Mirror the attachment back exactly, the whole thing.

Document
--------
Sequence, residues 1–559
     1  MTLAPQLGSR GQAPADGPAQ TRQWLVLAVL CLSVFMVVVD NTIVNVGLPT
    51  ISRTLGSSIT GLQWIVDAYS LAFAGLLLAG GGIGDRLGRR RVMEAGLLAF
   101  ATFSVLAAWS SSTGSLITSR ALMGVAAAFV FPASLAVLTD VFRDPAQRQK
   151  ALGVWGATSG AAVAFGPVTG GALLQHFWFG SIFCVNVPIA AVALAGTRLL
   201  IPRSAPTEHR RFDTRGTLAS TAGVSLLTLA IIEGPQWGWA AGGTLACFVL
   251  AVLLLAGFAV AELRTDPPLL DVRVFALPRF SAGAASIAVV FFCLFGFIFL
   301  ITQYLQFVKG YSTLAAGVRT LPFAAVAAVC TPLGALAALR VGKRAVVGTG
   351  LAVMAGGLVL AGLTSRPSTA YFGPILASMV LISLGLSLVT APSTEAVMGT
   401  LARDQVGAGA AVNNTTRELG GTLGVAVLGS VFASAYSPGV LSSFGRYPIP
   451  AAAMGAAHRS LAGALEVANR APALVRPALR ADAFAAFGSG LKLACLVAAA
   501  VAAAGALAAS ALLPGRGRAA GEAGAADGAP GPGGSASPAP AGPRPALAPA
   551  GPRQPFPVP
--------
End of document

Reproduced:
Sequence, residues 1–559
     1  MTLAPQLGSR GQAPADGPAQ TRQWLVLAVL CLSVFMVVVD NTIVNVGLPT
    51  ISRTLGSSIT GLQWIVDAYS LAFAGLLLAG GGIGDRLGRR RVMEAGLLAF
   101  ATFSVLAAWS SSTGSLITSR ALMGVAAAFV FPASLAVLTD VFRDPAQRQK
   151  ALGVWGATSG AAVAFGPVTG GALLQHFWFG SIFCVNVPIA AVALAGTRLL
   201  IPRSAPTEHR RFDTRGTLAS TAGVSLLTLA IIEGPQWGWA AGGTLACFVL
   251  AVLLLAGFAV AELRTDPPLL DVRVFALPRF SAGAASIAVV FFCLFGFIFL
   301  ITQYLQFVKG YSTLAAGVRT LPFAAVAAVC TPLGALAALR VGKRAVVGTG
   351  LAVMAGGLVL AGLTSRPSTA YFGPILASMV LISLGLSLVT APSTEAVMGT
   401  LARDQVGAGA AVNNTTRELG GTLGVAVLGS VFASAYSPGV LSSFGRYPIP
   451  AAAMGAAHRS LAGALEVANR APALVRPALR ADAFAAFGSG LKLACLVAAA
   501  VAAAGALAAS ALLPGRGRAA GEAGAADGAP GPGGSASPAP AGPRPALAPA
   551  GPRQPFPVP